Much work went into human factors engineering to create an ergonomic user interface for the camera. The form of previous cameras was largely dictated by the required locations of mechanical controls on the body, such as the film advance lever, rewind crank, shutter speed dial, shutter release, etc. On the T90, the film transport controls were no longer required, while the others were no longer mechanically linked. This gave the designers more freedom to shape the camera to make it easier to control and hold, and to place controls in a way that suited the user rather than a mechanical design.

The T90 introduced features still used on SLR cameras today, such as the deep right handgrip with the shutter release button positioned atop the grip rather than back on the body. While the use of a LCD screen on the top of the camera's right hand side was not new for the T90—it was introduced on the T70—the T90 refined it to show even more camera information. A control wheel located behind the shutter release and convenient for the right index finger was used to adjust most camera settings in conjunction with other buttons located for the right thumb and on the left-hand side of the camera; again, this design is still seen today.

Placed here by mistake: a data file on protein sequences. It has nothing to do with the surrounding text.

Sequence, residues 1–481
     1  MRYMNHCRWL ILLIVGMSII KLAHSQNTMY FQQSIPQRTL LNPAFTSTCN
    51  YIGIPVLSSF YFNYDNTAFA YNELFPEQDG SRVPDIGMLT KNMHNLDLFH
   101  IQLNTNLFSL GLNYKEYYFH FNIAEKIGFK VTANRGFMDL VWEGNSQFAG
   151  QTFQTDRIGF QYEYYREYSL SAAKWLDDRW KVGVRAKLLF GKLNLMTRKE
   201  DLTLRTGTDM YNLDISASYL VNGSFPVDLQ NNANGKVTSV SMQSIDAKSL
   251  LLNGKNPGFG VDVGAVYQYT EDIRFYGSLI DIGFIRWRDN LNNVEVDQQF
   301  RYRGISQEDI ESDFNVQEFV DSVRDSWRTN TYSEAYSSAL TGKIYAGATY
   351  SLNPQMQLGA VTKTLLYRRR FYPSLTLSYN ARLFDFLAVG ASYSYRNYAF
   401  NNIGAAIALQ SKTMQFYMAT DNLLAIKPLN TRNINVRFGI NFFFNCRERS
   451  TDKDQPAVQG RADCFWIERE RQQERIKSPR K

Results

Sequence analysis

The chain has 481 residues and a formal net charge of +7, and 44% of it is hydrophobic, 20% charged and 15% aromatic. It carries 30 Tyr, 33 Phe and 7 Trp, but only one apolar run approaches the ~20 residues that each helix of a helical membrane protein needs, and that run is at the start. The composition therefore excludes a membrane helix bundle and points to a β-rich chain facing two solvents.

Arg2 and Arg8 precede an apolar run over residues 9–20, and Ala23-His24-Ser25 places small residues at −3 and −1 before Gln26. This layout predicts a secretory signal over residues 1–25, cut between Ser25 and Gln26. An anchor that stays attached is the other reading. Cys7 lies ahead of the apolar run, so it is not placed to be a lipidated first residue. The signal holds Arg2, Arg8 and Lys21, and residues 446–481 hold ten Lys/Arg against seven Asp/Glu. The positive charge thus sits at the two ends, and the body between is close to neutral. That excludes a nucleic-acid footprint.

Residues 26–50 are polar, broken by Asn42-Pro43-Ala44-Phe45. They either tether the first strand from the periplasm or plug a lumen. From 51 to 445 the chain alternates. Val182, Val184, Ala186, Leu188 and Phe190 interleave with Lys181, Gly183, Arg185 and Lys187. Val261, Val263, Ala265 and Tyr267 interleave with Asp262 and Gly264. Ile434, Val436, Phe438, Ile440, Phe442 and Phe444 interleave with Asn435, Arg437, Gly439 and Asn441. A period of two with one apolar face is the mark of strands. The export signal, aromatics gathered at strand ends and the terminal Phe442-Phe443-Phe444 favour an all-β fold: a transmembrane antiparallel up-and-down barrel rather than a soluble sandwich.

The T90 came with an integral motor driven film advance, focal plane shutter, mirror and aperture cocking and rewind functions. Canon broke new ground with the powered features of the camera. Previously, cameras used one powerful electric motor geared to all functions. Instead, three coreless micromotors were placed within the body close to the functions they drove for maximum mechanical advantage. One was used to wind the film, achieving a high-speed rate of 4.5 frames per second. A second prepared the shutter, mirror etc. for the next shot. A third motor powered the rewind function. All of this was driven by four AA batteries in the base of the camera.